This settlement was a trust: in fact it was a reasonably straightforward trust of land by which the former matrimonial home, a farmhouse, had been held for the benefit of the husband by three trustees: one trustee was CB’s father but the others were not family members. Mostyn J re-affirmed the definition of a marriage settlement as being “any arrangement which makes some sort of continuing provision for both or either of the parties to a marriage”. This is a deliberately broad definition and can, if the circumstances are right, include companies and their assets, as he had already made clear in DR v GR & Ors (Variation of Overseas Trusts)although that was not this case.

AB v CB was a case in which the matrimonial assets were very small, but the husband’s family background was one of considerable wealth. The couple owned no property together, and had very little in the way of joint investments. Contrary to reports in the press, the husband had not inherited anything from the family, although like Pip he clearly had great expectations. The FMH farmhouse was held by the three trustees on trust for the husband as principal beneficiary and for his children or remoter descendants. There was a power of appointment, which had not been used. The trust fund (which was comprised solely of the farmhouse) and its income was to be paid to CB during his lifetime and there was a power of advancement of the whole or part of the fund to CB. On the expiry of the trust period, the capital and income were to be held by the trustees for CB’s brother. As I have already noted, the farmhouse was worth £320,000 at the most.

Although this was all that was set out in the deed itself, correspondence contemporaneous with the creation of the trust indicated that the settlors had intended CB and AB to be able to occupy the farmhouse for their lives, and that thereafter the property would return to being part of the overall (very large) family landholding.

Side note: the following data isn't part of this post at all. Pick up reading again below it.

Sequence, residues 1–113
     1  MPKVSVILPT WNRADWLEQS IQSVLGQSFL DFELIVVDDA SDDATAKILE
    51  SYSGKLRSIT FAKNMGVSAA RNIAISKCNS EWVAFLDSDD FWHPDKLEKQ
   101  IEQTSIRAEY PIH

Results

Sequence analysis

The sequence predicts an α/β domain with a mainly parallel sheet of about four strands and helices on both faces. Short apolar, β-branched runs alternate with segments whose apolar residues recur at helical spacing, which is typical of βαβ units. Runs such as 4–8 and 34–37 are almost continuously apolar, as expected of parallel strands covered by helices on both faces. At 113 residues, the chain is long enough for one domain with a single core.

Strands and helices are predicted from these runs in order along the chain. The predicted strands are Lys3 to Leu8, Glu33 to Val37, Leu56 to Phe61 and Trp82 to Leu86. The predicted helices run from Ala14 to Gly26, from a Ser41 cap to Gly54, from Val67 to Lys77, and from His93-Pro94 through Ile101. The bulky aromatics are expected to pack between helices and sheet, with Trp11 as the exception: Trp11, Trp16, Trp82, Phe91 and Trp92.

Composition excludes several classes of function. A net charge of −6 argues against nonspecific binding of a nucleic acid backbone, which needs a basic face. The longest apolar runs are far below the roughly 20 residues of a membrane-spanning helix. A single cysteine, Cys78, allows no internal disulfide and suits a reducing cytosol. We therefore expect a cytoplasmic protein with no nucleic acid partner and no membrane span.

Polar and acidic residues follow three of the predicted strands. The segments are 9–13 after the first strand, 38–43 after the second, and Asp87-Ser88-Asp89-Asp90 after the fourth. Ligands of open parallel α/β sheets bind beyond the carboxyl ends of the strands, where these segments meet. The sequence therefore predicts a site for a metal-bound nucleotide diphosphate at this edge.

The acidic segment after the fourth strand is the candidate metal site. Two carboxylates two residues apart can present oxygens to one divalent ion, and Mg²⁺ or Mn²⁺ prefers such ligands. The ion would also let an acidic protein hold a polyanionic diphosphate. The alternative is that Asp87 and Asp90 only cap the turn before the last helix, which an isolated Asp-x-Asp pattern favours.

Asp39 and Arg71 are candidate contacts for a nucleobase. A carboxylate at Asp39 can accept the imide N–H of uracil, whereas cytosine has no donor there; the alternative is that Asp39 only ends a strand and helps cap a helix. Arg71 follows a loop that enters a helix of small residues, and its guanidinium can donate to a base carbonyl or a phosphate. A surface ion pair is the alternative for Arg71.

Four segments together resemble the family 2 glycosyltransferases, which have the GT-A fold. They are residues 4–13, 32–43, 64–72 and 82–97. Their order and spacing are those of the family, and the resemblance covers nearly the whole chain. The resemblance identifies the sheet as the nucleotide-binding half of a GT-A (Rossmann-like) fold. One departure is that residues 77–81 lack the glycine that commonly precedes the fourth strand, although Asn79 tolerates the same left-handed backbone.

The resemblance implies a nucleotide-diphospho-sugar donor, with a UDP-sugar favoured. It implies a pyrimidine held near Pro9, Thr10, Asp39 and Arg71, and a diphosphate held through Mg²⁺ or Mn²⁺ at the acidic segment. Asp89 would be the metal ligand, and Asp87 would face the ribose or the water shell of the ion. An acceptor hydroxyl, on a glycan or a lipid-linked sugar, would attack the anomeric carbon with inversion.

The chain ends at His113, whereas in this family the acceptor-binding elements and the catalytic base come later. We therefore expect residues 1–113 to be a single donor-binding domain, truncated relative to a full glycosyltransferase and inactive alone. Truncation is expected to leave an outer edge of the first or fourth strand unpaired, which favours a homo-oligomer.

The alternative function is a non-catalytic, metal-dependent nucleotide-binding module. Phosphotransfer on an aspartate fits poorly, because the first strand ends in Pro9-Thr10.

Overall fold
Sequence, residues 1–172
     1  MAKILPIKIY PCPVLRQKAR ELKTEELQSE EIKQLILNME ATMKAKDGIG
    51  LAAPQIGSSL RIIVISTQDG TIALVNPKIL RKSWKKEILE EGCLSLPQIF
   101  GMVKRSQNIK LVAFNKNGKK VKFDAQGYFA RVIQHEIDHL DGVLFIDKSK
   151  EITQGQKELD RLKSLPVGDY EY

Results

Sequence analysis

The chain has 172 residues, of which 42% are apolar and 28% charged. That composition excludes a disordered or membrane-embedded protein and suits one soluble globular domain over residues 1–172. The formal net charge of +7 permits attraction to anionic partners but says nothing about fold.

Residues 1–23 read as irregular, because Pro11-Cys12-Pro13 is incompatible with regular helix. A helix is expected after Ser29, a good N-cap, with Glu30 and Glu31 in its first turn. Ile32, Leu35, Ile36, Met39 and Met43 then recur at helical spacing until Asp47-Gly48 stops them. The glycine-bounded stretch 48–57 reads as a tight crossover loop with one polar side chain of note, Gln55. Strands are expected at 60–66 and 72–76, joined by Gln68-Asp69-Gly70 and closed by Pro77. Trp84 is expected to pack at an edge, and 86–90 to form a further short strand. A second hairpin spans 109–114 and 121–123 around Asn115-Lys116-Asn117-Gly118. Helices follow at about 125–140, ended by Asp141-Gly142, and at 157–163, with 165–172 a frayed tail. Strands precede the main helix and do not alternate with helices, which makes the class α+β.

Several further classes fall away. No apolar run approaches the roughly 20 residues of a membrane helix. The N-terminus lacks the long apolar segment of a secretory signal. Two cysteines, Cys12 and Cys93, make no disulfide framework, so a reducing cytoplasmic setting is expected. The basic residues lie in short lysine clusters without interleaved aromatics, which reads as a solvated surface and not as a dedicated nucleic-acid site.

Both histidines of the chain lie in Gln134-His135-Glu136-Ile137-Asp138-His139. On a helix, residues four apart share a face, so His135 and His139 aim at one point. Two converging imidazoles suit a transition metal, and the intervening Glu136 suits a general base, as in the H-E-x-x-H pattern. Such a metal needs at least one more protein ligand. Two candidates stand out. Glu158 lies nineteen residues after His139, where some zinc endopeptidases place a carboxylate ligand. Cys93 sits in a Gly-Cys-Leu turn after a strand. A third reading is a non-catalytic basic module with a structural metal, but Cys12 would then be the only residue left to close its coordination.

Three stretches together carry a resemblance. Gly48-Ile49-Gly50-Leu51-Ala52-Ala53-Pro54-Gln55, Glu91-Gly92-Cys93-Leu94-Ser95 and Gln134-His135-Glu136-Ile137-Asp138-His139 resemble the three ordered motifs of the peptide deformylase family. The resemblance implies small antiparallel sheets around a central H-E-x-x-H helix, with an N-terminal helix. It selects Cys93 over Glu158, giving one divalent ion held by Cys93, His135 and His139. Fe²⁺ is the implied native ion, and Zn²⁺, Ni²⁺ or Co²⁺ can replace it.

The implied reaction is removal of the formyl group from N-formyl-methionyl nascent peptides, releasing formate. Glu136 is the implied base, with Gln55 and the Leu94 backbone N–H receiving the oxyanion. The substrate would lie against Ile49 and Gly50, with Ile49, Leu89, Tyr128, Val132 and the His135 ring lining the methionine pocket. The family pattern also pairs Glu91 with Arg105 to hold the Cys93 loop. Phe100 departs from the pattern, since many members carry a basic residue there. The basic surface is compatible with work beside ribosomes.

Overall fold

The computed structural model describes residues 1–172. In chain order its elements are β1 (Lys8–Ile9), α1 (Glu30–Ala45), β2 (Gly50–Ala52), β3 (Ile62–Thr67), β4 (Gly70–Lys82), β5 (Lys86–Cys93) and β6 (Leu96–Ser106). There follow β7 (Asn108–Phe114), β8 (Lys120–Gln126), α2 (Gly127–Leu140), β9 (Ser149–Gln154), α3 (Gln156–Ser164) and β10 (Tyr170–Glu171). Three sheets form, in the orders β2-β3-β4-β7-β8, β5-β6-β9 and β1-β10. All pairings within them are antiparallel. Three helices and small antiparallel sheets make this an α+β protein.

AB and CB then occupied the farmhouse rent-free for about five years, until their separation in 2012.

At trial, the Trustees argued that the trust did not constitute a nuptial settlement — or that if it did, the only nuptial element which the Court could vary was CB’s lifetime right to occupy. On the basis of the wide definition of “settlement” in DR v GR, Mostyn J was in no doubt that this was a nuptial settlement. The more troubling question for the Judge was whether the settlement extended to the property itself or simply to CB’s right to occupy, and here he gave some helpful indications of how what is, as I have said, a relatively common trust of land is to be approached.

It was the existence of the power to advance the whole of the property to CB which convinced the Judge that it was the property itself, and not simply CB’s right to occupy it, which was the subject of the settlement. He noted that if that power had not been there “I might have reached a different decision, it would then have been more borderline”. Obviously all of these cases turn on their own particular facts and it’s dangerous to lean too heavily on a single judgment. However, this type of “no–frills” trust of land crops up frequently, so it’s interesting to see the pivotal importance that the Judge placed on the express power of advancement of the whole fund.

Having reached these conclusions, Mostyn J was able to vary the settlement by dealing directly with the property: but how? His solution was to balance “the sharing principle in relation to the core element of the matrimonial property” and the existence of the trust and its purpose. He was clearly influenced by the abiding intention that the farmhouse should fall back into the family landholdings. On this basis he found that the wife, AB, was entitled to a further award out of the trust, but not on an outright basis: she would have a life interest in one-half of the fund. It seems from the report that the solution of a life interest was suggested by the Judge on the first day of the hearing rather than being advanced by any of the parties.

An award of a life interest in one-half of the fund would generally bring about a sale of the property as night follows day, but in this particular case, given the husband’s family background, there was a possibility that his family might step in to rescue the farmhouse in some way while meeting AB’s award.

This was one of the bases on which the trustees appealed the first instance judgment, asserting that “improper pressure” had been put on them by the judgment to satisfy the order. They failed in that assertion, as well as on a further assertion that the trustees did not have the assets available to make the provision; which, otherwise than by selling the farmhouse, appears to have been strictly correct. On the other hand, the background was that the extended family had really significant wealth, and CB’s father was one of the three trustees of the farmhouse trust of land.

On a practical note, the trustees had not particularly assisted their cause by calling evidence at trial that the farmhouse would be needed in due course for a herdsman, then on appeal reverting to an argument that CB needed the farmhouse to live in with his new family.